The Hospitality of Christ and the Open Table

Minnesotans recently voted NO to adding a discriminatory amendment to their constitution defining marriage as solely between one man and one woman. One of the campaigners, 17-year-old Lennon Cihak, took a vote YES sign and altered it to support marriage equality and then posted it on Facebook (see below). Lennon was barred from confirmation by the priest at his church and his whole family was barred from taking communion.

Commenting on this incident, Rev. Brett Webb-Mitchell writes, “I write this blog entry both as a gay dad and as an ordained pastor in the Presbyterian Church…I’ve seen parishes turn away people, many times unconscious of their actions or words, having never experienced being on the margins in middle-class American life. Then there are moments when a priest, pastor, or minister in a church is openly and shockingly exclusive, barring a church member from…Holy Communion.”

What does the theology and practice of the open table look like? How do the elements express the hospitality of Christ? Mitchell continues:

When I celebrate Holy Communion as a Minister of the Word and Sacrament of the PCUSA, I make it clear for all within hearing distance that the table we are gathered around is no longer the property of a church, but is Christ’s table, who invites everyone, from north, south, east, and west. This is not my invitation initially: this is Jesus’ invitation. And this invitation is open to all who hear and receive the invitation, whether one is straight or LGBTQ; single, married, or in a significant same-sex relationship; children of all parents, and families of all kinds of configurations, from various racial and ethnic backgrounds, of all ages, and abilities.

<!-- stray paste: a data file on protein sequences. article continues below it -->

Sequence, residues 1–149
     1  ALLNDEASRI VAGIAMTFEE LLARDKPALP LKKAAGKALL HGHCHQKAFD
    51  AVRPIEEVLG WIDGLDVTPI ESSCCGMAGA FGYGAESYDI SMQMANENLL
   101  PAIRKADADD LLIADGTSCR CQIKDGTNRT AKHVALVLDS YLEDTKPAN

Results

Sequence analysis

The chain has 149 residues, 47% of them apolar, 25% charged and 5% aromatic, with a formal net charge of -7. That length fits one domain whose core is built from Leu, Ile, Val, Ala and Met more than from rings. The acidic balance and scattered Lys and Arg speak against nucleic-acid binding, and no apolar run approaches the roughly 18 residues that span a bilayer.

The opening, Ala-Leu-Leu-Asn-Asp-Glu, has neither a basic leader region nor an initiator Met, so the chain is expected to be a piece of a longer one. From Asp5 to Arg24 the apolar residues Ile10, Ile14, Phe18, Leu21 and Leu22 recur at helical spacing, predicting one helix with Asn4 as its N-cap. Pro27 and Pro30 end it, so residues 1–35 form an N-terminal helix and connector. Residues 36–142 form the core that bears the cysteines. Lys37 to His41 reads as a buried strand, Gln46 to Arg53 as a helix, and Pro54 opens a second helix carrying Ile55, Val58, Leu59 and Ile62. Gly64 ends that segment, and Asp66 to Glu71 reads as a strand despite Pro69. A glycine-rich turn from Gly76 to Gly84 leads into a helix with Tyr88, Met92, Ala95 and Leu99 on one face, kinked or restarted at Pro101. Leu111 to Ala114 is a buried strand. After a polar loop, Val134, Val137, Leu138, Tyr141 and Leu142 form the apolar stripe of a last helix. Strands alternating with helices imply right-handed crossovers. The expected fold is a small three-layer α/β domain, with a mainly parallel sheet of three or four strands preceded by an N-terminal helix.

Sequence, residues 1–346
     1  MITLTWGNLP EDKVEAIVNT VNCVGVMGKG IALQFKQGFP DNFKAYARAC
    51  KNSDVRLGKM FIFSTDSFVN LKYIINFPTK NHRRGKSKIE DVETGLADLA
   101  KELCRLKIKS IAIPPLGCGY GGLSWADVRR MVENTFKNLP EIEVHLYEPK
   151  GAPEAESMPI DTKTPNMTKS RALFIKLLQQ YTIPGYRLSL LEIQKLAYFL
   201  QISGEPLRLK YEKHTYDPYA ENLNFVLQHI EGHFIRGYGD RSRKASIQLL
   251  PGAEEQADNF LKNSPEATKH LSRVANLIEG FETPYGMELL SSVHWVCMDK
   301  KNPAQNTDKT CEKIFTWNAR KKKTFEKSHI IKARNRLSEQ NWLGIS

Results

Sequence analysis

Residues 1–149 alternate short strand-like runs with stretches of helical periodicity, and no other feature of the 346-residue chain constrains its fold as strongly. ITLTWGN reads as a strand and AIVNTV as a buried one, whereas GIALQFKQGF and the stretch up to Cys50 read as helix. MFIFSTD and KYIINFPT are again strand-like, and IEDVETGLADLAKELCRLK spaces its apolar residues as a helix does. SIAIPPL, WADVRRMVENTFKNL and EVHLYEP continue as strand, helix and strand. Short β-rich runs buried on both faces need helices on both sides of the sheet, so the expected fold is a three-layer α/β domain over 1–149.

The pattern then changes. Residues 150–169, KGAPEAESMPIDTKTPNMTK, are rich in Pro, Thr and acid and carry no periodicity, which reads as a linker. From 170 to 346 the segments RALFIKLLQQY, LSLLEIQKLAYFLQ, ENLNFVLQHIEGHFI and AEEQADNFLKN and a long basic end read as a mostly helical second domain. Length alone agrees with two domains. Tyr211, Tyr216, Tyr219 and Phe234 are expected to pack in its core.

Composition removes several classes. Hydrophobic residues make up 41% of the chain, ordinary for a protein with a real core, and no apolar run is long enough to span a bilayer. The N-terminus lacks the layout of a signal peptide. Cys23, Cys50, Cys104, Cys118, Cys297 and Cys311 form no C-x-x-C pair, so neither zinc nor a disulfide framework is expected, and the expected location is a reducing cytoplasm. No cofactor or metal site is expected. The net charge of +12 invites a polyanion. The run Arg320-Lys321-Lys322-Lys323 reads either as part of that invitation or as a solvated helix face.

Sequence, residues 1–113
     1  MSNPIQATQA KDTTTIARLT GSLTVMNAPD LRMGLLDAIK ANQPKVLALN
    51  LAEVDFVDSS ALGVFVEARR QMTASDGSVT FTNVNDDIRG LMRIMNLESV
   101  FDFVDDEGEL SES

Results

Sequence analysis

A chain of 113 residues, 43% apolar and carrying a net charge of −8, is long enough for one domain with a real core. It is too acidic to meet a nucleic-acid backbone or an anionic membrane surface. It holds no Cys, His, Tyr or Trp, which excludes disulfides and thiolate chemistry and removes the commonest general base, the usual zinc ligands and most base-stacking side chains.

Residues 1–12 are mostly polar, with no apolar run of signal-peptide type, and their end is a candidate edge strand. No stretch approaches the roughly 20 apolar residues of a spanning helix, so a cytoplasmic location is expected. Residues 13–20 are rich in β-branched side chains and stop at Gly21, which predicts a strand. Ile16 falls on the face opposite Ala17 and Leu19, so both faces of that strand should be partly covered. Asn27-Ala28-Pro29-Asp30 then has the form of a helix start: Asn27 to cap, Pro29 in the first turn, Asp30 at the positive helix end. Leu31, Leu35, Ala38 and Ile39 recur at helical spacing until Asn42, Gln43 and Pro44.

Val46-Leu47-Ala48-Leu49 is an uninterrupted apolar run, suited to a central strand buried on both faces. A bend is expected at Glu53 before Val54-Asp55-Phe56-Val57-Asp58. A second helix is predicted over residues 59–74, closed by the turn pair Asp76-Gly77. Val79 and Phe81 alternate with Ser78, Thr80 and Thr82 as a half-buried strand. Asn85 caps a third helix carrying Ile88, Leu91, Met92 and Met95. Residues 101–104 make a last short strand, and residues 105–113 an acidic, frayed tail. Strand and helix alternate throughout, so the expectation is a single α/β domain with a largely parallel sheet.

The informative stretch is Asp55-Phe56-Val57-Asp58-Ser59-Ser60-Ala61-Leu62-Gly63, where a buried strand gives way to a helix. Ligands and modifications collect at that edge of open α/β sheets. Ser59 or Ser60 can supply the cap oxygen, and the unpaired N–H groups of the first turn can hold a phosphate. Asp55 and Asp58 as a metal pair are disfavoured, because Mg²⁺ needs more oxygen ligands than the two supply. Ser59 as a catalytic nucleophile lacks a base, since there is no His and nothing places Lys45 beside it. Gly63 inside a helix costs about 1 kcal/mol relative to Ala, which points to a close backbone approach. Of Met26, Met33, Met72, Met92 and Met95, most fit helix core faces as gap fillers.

It is at this meal that the mundane bread and simple cup of wine (or juice) becomes Holy to those who believe in the one who spoke these words as he broke bread and poured wine into the cup, “Do this in remembrance of me.” Do what? Break bread and feed it to those who hunger or thirst physically, emotionally, intellectually, spiritually, relationally, and for those who want to be part of a community of faith greater than themselves.

Likewise, those who participate in this meal are to welcome others, just like Jesus, who welcomed all those who were considered “outsiders” or lived on the margins … including people who are LGBTQ and our families, including the family with a son who is gay. “Do this in remembrance of me.”

The photograph Lennon Cihak posted on Facebook.

Lennon Cihak attended The Assumption Church in Barnesville, MN when his family were barred from communion.

The Assumption Church’s Rev. Gary LaMoine told Lennon Cihak’s family that he would not be receiving his confirmation, a rite of passage for Catholic youth, even though he has been preparing for event, which was scheduled for later this year.

Not only did LaMoine prohibit Cihak from receiving the sacrament; he also banned the teen’s entire family from participating in communion at the church.

“You kind of know the Catholic beliefs, but I never thought they would deny somebody confirmation because you weren’t 100 percent. I guess that’s what shocks me,” Shana Cihak, the boy’s mother, told the newspaper.

Although Cihak is too young to vote, he made it clear that he supports same-sex marriage. The Facebook post that LaMoine is upset over shows the teen holding up a sign for Minnesota’s marriage equality question, which was put on the Nov. 6 ballot. The sign originally read: “Vote Yes” on the state’s marriage amendment, which would define marriage as a union between one man and one woman. But Cihak altered the sign to read, “Vote No! Equal Marriage Rights!”

After the results of Election Day were announced, those who supported marriage equality came out on top as the amendment was not struck down.

Once the photo was discovered, however, the priest talked with the boy’s mother and told her that Cihak would not be allowed to complete confirmation.

In March of last year, Barbara Johnson was denied communion by a Catholic priest at her mother’s funeral because she is a lesbian.

See Also: